ODT: Anti-Compass deal petition presented
A petition calling for the Southern District Health Board (SDHB) to end the contentious Compass food contract was presented to SDHB commissioner Kathy Grant yesterday. The SDHB has faced criticism over the quality of the frozen meals since previously in-house hospital kitchen meals were outsourced in January. [Dunedin South MP Clare Curran] said the Compass contract was a “flawed project” which had caused a lot of grief for people in Otago and Southland.

### dunedintv.co.nz Thu 1 Sep 2016
The South Today
Petition calls for dumping of Compass contract
A food-oriented organisation has called on the Southern District Health Board to end its contract with Compass. The Real Meals Coalition has gathered thousands of signatures supporting the dumping of the contract. The quality of Compass meals in the region’s hospitals has been called ‘rubbish’. The petition, with 3000 signatures on it, is going to be presented to Commissioner Kathy Grant tomorrow. Compass has a 15 year contract with the DHB to provide ready-made meals, which some have criticised as disgusting and inedible.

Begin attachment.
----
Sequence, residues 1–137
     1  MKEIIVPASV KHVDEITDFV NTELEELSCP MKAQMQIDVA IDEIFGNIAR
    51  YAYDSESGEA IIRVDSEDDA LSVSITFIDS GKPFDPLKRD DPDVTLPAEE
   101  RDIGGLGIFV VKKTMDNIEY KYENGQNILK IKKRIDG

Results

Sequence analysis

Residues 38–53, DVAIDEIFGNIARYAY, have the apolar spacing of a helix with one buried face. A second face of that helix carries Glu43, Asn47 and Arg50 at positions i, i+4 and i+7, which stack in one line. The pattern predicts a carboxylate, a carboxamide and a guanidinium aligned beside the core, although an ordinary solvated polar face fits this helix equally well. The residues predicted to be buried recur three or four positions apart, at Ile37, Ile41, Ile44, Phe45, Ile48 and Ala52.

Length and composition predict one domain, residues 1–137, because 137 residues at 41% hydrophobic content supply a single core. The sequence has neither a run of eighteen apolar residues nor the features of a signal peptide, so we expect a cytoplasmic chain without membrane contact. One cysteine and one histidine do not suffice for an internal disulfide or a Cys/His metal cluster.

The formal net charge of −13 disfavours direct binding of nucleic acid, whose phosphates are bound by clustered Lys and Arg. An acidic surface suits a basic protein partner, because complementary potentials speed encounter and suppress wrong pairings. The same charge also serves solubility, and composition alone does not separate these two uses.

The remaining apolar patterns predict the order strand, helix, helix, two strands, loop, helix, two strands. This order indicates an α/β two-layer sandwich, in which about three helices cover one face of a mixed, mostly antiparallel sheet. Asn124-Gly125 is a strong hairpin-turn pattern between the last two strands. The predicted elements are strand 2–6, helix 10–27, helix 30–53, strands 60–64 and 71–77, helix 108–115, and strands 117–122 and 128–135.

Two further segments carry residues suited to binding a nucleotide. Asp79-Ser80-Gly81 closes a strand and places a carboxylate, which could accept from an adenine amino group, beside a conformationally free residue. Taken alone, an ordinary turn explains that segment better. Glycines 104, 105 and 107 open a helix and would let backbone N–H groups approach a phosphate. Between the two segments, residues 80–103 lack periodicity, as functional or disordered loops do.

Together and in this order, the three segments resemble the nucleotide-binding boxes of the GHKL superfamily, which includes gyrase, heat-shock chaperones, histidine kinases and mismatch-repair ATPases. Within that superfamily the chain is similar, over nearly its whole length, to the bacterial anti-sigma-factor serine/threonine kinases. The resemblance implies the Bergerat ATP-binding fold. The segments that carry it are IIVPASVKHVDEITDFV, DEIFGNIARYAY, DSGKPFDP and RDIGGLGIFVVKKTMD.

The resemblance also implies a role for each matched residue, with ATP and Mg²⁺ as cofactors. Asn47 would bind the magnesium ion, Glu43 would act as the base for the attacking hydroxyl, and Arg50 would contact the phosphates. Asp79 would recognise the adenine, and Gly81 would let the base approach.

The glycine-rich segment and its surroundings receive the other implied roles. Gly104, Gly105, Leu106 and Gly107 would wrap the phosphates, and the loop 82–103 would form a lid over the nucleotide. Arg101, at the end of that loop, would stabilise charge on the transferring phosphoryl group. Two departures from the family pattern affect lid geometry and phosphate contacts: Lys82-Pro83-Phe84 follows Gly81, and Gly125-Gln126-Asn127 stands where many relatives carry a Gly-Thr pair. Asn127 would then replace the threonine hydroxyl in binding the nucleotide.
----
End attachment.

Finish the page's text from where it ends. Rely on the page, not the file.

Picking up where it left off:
Ch39 Link

Related Posts and Comments:
1.5.16 Hospital food according to Gurglars
8.4.16 Worsted
23.12.15 SDHB underfunded, no bandage
3.11.15 SDHB will ‘takeaway’ more than freshly cooked meals…
30.10.15 Dunedin Hospital #despair
17.6.15 Southern District Health Board sacked !!!
9.6.15 Southern District Health Board
16.4.15 Talk of replacing SDHB with commissioner
21.8.14 Dirty pool? #SDHB #University
6.8.14 Otago Therapeutic Pool at Dunedin Hospital
1.5.14 Dunedin Hospital buildings SORRY STATE
5.12.13 Swann case: ODHB/SDHB and friends

Posted by Elizabeth Kerr

Election Year. This post is offered in the public interest.